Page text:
They play in the seventh tier of English football but for a short time on Saturday Blyth Spartans were attracting the attention of the football world.
Former Ballon d'Or winner Luis Figo followed them on Twitter - joining US president Barack Obama in taking an interest in the Northern Premier League outfit - as they threatened to knock Championship side Birmingham City out of the FA Cup.
But the gap of 120 places between the two teams eventually told (and Figo then unfollowed them). Here's how Blyth's memorable - if ultimately miserable - day unfolded.
An upset on the cards?
The Football Focus cameras were at Croft Park for one reason - the potential for an upset.
You, the BBC Sport audience, agreed as when we asked you to vote for where you would predict an upset on the big third round Saturday, you saw one arriving in the north east.
That one almost came true, while the tie second in the vote on 33.1% - Rochdale v Nottingham Forest - did end up in a shock as the League One side humbled their Championship opponents 1-0.
But what is it that stirs us so much on FA Cup third round day? The thought of highly paid players turning up at rugged and hostile lower-league grounds likely plays a part.
Football Focus presenter Dan Walker found a fines list which certainly belongs at Blyth rather than St Andrews, with home players threatened with a £10 punishment for missing a night out but only £5 for missing a match.
|Blyth players have one eye on their day jobs|
|Nathan Buddle||Building labourer|
|Ryan Hutchinson||Taxi driver|
|Robbie Dale||Works in mother's bar|
|Jarrett Rivers||Works in mother's newsagents|
|Samuel Perez||Chaperone to his brother Ayoze of Newcastle United|
"We've got a secret against Birmingham today, but I'm not going to tell you," Blyth manager Tom Wade told BBC Radio 5 live before kick-off. "It'll be tough, we'll give it all and even if we lose it won't be for want of trying."
Around 50 journalists took their seats at Croft Park - where two or three normally turn up - and the crowd of a little shy of 4,000 watching waited for an upset which would ultimately never arrive.
Dale double sparks cup dream
Robbie Dale, who works as a barman in his mother's pub, The Blacksmiths in Newcastle, pounces to open the scoring and within six minutes he weaves an opening to add a second.
Blyth have FA Cup pedigree, reaching round five in 1978, but this is beyond their wildest dreams. After a timid opening, they have this game by the scruff of the neck.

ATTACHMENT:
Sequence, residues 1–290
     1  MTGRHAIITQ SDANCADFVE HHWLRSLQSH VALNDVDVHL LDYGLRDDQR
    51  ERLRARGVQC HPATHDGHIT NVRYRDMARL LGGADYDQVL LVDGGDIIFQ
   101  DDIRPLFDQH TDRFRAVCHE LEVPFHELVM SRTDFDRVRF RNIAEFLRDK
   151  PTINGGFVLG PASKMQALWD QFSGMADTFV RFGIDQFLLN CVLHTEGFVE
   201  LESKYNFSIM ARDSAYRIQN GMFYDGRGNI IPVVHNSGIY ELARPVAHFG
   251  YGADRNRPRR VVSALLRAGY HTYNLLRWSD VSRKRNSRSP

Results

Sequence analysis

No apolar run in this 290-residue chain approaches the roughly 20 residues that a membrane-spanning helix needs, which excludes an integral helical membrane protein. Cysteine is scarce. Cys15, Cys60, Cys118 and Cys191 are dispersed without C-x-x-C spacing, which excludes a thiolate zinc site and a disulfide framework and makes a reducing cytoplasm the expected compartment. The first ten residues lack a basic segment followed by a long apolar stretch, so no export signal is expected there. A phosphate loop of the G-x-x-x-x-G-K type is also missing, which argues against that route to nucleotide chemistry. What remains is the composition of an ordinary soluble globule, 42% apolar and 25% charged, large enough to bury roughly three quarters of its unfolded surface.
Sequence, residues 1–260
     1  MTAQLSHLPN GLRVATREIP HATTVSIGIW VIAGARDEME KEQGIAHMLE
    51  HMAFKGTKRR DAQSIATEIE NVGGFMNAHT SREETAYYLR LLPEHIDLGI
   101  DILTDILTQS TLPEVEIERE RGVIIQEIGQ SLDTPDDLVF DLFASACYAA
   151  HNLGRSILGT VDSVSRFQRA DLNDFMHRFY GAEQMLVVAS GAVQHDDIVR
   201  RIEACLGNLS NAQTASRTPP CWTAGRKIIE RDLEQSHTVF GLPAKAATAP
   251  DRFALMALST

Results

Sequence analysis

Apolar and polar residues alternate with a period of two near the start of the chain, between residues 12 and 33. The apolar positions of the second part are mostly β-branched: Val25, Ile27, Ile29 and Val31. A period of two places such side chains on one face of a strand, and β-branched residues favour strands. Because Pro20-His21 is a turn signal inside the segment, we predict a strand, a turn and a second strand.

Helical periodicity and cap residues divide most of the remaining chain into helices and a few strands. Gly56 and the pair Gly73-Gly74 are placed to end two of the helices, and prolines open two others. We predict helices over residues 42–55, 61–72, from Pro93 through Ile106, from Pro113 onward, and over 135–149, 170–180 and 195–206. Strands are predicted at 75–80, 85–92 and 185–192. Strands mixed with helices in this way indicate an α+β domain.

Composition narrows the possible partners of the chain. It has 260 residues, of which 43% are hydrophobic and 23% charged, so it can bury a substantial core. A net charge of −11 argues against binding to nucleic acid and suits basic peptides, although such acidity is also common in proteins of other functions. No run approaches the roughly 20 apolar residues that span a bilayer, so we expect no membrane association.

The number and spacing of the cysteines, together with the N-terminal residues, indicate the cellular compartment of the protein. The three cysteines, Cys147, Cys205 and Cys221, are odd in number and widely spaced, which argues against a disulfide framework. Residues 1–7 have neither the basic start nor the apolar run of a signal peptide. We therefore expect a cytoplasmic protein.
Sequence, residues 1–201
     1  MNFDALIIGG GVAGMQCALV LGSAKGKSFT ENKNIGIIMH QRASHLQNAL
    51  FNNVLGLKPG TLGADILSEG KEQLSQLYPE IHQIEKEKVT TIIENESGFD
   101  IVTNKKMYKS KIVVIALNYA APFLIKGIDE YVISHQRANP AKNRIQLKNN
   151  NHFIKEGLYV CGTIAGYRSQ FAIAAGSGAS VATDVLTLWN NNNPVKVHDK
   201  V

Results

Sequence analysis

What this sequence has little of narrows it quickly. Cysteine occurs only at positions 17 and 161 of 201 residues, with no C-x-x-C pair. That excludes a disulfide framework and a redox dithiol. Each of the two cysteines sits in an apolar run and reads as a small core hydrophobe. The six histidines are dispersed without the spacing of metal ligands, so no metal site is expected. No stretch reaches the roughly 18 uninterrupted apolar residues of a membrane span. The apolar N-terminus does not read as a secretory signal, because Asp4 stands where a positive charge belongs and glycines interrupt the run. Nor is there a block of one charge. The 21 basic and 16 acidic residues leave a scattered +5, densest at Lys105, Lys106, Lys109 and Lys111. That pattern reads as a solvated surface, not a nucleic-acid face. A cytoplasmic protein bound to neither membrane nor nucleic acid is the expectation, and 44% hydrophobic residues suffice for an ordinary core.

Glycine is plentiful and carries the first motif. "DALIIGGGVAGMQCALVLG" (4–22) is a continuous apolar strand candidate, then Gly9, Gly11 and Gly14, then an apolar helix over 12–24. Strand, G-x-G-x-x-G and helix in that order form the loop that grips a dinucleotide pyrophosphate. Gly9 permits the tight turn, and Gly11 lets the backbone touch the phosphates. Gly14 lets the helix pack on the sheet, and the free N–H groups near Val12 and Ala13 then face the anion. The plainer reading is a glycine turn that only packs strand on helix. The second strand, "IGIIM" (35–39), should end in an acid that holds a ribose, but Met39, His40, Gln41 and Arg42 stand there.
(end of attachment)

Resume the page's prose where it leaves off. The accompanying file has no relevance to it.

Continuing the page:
The home side almost net a third on the stroke of half-time and their club Twitter account is in fine, positive voice at the break.
Birmingham last lost to a non-league side when Kidderminster Harriers rumbled them at St Andrew's in 1994 and that was a record they fought to maintain.
We got carried away
After seven minutes of the second half it becomes evident Birmingham have had a talking to at the interval as one-way traffic pays off though Lee Novak. His first goal of the season reduces the arrears and within six minutes his side lead.
Wes Thomas is strong to fight off a challenge and level, before heading the winner. Such was the quick succession of goals, Blyth's once chirpy Twitter feed drastically changed in tone.
Birmingham boss Gary Rowett: "It was a very, very nervy first half. "We didn't expect to be 2-0 down at half time and we needed to give the fans more.
"I didn't need to give them a rocket at half time. I didn't throw anything and I was quite placid. To be honest, the players gave themselves a rocket and you saw the result.
"As soon as we got one Blyth's heads went down."
Blyth captain Robbie Dale: "At 2-0 up we got carried away. Once they came out and got one their tails were up and they showed their class."
The dream over
Blyth stem the tide of attacks and scrap to stay 3-2 down and when a deep corner is swung in at the death, that sought-after FA Cup glory moment looks on the cards as Joel Dixon leaps to meet a header.
The packed stadium roars but his effort falls the wrong side of the post and Spartans are out. Nothing to look forward to in Monday's fourth round draw for them and a run of eight FA Cup fixtures in 2014-15 is over.
Their exit is gallant and Birmingham defender Paul Robinson admires the effort.
Blyth captain Robbie Dale faced the reality of a shift working behind the bar after defeat: "I am due to open up at half past eleven on Sunday morning. I asked the gaffer if I could do a shorter shift because I don't know what mood I will be in today and after a couple of goals I am planning to have a good night."
"We had a perfect first half, but Birmingham were so quick to get three. It was a brilliant atmosphere today, both sets of fans were top class. We thought we would be hanging on all game so to be 2-0 up at the break was amazing. We've had a great cup run."
Blues boss Gary Rowett paid tribute to Blyth: "I thought they were absolutely brilliant and this is what the FA Cup is about - a team from down the non-league pyramid having a day like this."